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Fertility health centre

Infertility

Infertility is when a couple cannot conceive or become pregnant despite having regular unprotected sex.

Infertility can be an issue for the man, the woman or both partners.

Infertility is fairly common with around one in six couples having difficulty getting pregnant.

A person who has infertility has a reduced ability to have a child. It usually doesn't mean a person is sterile - that is, physically unable ever to have a child.

For many couples, infertility is a crisis. Fertility problems often come with feelings of guilt or inadequacy, but a diagnosis of infertility is not necessarily a verdict of sterility.

Men and women are equally likely to have a fertility problem. In about one in five infertile couples, both partners have contributing problems, and in about 15% of couples, no cause is found after all tests have been done, called 'unexplained infertility'.

Seek medical advice if you've been trying for a baby for a year without getting pregnant.

What causes fertility problems in men?

In men, the most common reasons for infertility are sperm disorders. These problems include:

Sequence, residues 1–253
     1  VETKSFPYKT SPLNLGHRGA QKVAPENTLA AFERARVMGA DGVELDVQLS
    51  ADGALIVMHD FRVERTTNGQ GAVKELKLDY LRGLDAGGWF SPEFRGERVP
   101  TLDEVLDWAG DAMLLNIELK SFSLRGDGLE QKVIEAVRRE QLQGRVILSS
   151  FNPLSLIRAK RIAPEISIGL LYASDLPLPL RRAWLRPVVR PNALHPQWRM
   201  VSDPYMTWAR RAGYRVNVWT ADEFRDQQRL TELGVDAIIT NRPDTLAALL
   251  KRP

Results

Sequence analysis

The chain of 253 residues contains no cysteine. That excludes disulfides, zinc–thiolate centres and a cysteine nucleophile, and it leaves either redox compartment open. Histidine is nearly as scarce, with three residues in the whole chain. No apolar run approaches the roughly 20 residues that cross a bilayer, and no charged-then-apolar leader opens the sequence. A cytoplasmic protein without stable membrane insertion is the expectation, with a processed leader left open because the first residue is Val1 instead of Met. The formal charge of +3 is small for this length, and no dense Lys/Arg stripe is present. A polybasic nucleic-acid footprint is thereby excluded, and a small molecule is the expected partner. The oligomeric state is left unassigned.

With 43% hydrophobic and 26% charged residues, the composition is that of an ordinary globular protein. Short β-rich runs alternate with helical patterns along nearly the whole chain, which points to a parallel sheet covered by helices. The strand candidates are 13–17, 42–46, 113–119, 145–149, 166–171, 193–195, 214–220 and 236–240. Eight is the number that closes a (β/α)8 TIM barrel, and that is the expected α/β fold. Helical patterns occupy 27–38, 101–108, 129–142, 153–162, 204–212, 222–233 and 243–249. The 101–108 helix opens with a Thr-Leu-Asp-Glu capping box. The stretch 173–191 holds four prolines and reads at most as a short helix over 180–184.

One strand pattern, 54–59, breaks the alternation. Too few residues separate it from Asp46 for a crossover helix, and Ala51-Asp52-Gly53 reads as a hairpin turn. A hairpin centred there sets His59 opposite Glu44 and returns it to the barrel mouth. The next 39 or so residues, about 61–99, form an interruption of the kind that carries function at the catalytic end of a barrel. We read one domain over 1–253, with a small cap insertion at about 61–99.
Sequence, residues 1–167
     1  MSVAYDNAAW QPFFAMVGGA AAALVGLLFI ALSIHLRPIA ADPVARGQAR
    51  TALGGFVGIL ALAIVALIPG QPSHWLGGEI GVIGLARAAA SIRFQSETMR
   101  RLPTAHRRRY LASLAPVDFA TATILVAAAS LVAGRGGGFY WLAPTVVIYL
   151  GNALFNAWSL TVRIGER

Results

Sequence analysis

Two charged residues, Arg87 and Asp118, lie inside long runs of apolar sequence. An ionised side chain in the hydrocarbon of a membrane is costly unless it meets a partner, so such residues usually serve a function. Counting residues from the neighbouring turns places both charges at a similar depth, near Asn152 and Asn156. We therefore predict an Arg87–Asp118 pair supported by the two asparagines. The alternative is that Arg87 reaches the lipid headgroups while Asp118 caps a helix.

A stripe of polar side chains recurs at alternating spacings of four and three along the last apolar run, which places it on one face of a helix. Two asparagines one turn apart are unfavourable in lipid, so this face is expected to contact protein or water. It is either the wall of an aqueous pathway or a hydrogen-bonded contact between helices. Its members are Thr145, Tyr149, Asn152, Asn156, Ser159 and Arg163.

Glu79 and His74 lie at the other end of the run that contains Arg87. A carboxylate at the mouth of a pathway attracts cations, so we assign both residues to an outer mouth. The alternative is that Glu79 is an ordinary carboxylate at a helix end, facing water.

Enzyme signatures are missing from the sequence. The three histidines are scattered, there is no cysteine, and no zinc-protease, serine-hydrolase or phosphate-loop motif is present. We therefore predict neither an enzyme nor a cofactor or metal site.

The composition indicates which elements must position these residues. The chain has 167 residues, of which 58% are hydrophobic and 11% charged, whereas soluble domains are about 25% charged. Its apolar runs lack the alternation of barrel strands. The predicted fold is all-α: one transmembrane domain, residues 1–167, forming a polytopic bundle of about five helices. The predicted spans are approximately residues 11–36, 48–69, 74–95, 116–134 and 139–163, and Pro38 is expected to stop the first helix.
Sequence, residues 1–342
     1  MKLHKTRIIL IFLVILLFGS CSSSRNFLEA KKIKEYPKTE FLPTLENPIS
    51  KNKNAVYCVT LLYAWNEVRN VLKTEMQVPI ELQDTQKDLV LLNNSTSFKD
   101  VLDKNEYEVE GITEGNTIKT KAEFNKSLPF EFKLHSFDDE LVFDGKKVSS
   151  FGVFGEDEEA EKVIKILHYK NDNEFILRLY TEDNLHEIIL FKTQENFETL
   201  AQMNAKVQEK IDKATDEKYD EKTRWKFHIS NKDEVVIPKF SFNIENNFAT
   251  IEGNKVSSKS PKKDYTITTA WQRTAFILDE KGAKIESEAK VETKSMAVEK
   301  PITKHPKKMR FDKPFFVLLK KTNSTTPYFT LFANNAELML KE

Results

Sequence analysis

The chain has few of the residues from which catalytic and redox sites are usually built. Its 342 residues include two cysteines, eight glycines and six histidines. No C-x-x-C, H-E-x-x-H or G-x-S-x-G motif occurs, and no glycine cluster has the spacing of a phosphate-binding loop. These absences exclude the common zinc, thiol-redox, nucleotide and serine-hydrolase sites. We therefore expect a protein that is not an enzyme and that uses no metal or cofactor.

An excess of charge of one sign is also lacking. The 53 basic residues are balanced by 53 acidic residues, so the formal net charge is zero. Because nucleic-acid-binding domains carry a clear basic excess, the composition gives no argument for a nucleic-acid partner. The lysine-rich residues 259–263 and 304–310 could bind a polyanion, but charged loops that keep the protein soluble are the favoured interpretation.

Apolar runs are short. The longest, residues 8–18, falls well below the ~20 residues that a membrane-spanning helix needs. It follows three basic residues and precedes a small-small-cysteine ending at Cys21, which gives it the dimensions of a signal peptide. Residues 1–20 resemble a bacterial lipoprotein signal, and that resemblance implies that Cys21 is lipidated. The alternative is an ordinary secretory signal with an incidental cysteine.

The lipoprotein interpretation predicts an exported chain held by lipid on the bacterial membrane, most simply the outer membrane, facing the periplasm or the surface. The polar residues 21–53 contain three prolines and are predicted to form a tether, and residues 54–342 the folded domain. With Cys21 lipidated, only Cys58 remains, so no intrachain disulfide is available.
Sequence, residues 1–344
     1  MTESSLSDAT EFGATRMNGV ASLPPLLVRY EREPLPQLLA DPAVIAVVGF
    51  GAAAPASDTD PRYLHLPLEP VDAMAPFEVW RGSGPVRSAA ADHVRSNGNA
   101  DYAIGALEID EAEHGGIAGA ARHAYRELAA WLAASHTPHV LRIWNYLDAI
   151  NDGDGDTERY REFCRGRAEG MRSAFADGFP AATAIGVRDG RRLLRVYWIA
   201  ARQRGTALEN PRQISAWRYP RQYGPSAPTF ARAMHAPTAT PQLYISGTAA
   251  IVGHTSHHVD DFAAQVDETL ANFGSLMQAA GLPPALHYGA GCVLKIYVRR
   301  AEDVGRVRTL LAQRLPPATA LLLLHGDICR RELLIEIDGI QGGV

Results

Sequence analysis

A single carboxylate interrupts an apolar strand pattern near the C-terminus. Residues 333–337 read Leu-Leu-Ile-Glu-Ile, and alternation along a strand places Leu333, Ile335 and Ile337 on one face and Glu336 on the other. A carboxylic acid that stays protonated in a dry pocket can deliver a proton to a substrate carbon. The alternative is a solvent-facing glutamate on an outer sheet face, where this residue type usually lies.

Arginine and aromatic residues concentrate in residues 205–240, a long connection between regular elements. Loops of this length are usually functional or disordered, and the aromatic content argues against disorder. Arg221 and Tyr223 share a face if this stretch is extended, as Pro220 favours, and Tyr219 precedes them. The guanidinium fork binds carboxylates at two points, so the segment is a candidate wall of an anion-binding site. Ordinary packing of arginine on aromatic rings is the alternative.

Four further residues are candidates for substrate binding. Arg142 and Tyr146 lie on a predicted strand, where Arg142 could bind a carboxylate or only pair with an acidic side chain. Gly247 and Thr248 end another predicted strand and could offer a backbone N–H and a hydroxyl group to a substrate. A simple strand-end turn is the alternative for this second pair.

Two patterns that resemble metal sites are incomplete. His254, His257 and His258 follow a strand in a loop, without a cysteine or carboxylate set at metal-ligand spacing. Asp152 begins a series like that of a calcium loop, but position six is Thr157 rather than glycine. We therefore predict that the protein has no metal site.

• Low sperm count. This means there are too few or no spermatozoa in the semen.
  • Low sperm motility. This means that the sperm don't move as well as they should.
  • Malformation of the sperm.
  • Blocked sperm ducts.

Another common problem is a temporary drop in sperm production. This happens when the testicles have been injured, such as when the testicles have been too hot for too long or the man has been exposed to chemicals or medications that affect sperm production.

Spending a long time in a hot tub, for example, or wearing pants that hold the testicles too close to the body can increase the testicular temperatures and impair sperm production. Sometimes there is a physical reason. In the relatively common condition called varicocele, veins around the vas deferens (the duct that carries sperm from testicle to urethra) becomes dilated - similar to a varicose vein in the leg. The pooling of blood in these veins keeps the temperature inside the scrotum too high.

Certain lifestyles such as increased alcohol intake and smoking can also have a negative effect on sperm count. Men who are 40 or older often have decreased fertility.

WebMD Medical Reference

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